On the evening of September 11, 2001, a day after moving from Boston to Brooklyn, I sat, guzzling bourbon, with strangers at a bar on Metropolitan Avenue, trading stories that were almost certainly false. These were the days before Twitter, of course, when rumors metastasized and took slightly longer to radiate. “Did you hear,” a thoroughly drunk and untrustworthy woman told me, “that they found explosives on the George Washington Bridge?” I had not, but who could doubt such a thing after having just watched the incineration of almost 3,000 people in lower Manhattan? And at the time, those estimates were much larger—possibly 6,000, could be 10,000.
The stakes seemed higher then, as the interminable wait for war against somebody began. And there wasn’t much griping about the countless reports that got it wrong. Simply deploy the “fog of war” cliché and keep pursuing the story. That instinct would change after the Iraq War.
On Wednesday, for 45 minutes, CNN viewers of were told that multiple sources had confirmed that a suspect in the Boston Marathon terror attack had been identified and taken into federal custody. The sources were wrong. The Associated Press followed suit, but it doesn’t have a cable channel, minimizing the humiliation. Likewise, The Boston Globe reported that the suspected perpetrator was caged and en route to federal court. Countless others reported variations on the story, with minor differences.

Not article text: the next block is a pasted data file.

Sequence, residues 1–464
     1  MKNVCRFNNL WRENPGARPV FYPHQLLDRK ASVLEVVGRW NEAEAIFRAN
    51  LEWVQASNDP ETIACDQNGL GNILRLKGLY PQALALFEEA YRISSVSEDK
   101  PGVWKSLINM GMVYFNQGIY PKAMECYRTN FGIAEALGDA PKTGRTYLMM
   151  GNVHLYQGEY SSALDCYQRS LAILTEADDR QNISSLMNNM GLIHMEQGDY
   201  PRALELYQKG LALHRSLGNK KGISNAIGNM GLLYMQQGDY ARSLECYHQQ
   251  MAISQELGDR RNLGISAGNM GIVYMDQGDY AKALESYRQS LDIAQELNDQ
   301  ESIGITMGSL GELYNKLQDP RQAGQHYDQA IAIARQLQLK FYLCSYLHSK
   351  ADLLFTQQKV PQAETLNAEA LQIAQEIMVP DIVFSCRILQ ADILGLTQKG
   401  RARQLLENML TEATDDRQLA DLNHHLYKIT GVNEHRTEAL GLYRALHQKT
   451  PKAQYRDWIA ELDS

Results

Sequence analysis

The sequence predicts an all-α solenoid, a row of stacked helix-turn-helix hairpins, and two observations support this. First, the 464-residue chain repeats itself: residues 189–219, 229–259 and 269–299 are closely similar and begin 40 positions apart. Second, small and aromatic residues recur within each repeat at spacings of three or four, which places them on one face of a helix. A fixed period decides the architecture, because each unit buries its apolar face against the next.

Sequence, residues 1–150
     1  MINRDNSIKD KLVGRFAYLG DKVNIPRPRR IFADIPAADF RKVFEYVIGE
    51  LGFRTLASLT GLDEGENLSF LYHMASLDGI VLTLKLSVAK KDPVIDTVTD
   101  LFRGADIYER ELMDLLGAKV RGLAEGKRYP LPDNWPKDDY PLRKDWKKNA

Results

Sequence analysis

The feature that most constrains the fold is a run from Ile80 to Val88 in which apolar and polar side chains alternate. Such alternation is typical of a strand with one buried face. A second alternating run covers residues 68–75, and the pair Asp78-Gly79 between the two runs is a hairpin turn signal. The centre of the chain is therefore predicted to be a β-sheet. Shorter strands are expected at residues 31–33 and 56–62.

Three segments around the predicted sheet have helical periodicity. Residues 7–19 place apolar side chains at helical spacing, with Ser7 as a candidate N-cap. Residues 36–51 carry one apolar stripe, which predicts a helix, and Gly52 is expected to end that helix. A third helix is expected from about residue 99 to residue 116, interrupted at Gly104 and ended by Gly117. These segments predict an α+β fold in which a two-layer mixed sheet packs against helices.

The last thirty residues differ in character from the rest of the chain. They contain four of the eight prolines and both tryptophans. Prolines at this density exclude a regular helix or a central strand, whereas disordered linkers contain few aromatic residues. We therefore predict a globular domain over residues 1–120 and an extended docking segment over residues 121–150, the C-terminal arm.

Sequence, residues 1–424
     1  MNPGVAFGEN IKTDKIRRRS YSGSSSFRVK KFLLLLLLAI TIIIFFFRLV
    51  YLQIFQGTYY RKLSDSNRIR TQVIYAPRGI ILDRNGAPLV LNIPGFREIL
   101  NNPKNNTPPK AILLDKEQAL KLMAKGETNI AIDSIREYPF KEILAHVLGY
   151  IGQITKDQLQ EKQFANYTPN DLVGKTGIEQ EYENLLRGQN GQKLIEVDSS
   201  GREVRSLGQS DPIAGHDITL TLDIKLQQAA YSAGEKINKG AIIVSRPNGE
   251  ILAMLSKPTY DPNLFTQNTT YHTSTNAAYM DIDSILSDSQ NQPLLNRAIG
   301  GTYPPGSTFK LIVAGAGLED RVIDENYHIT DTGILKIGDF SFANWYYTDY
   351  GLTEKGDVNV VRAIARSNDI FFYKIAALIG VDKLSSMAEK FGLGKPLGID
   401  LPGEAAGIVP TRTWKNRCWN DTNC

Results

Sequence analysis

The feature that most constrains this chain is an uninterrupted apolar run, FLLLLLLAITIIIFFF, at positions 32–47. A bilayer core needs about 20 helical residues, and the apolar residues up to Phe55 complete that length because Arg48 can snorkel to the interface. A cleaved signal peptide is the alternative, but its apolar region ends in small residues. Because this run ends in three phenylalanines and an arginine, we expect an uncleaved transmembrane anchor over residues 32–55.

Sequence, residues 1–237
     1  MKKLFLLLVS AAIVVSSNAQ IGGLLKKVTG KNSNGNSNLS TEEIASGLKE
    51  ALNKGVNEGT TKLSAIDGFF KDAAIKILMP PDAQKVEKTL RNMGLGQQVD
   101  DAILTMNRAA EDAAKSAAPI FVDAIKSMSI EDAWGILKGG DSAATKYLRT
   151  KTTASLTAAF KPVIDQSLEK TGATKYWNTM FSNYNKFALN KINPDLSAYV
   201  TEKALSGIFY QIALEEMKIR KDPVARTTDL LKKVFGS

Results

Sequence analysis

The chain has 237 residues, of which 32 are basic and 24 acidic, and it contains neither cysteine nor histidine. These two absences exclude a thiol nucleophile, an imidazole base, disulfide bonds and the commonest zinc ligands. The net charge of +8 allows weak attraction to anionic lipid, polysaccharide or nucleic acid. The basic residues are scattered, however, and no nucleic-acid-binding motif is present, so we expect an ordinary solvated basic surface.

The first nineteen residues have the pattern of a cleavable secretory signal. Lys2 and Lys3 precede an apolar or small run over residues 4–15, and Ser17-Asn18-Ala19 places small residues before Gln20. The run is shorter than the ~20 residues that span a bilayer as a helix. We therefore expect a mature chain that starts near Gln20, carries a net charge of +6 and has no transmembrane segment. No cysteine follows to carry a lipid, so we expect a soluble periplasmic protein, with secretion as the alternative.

The reports were quickly challenged by NBC and other sources—and then gracelessly walked back by all who “broke” the story. The Internet, never short on moral outrage, collectively raised its pitchforks, offered lessons in journalism (on Twitter), and admonished CNN. On Wednesday it was cable’s last-place news network that would be the punching bag.
Three days in, it’s nearly impossible to keep track of who has been wrong about what. On Monday evening, The Wall Street Journal and The New York Times, citing unnamed sources, reported that additional bombs had been found on the marathon route. The AP, citing a “senior U.S. intelligence official,” likewise said, “Two more explosive devices have been found near the scene of the Boston marathon where two bombs detonated earlier.” On Wednesday a Los Angeles Times reporter tweeted that “feds have ID’d TWO suspects.” Interested in, yes, but not identified.
The situation was so thick with confusion that bum information was being transmitted by the authorities. The Boston Police Department misreported an attack on the JFK Library in Dorchester. (It was an unrelated fire.) Doctors told the family of one bombing fatality that their daughter was alive, though her friend, with whom she attended the race, had died. They discovered the horrible mistake when brought to their “daughter’s” hospital bed.
On top of bad reporting, there was general disgust at the injection of politics into the tragedy—Nicholas Kristof and Jennifer Rubin were the most frequently cited examples. But less commented on was the subterranean politicization of the attacks; egregious potshots at hated media outlets masquerading as outraged media criticism.
When the New York Post reported that a Saudi man—a marathon spectator injured in the bomb blast—was being treated as a “suspect” and was under watchful eye of authorities at a local hospital, the Boston police seemed to deny the report, saying, “We haven’t been notified of any arrests or anyone apprehended.” (The Boston Globe reported that “a person of interest” was being question at Brigham and Women’s Hospital, a story also denied by the Boston police.) For those paying attention, it was a nondenial denial. But no matter, because journalists and partisans—and even The Onion—jumped on the Post for reporting a “total falsehood.”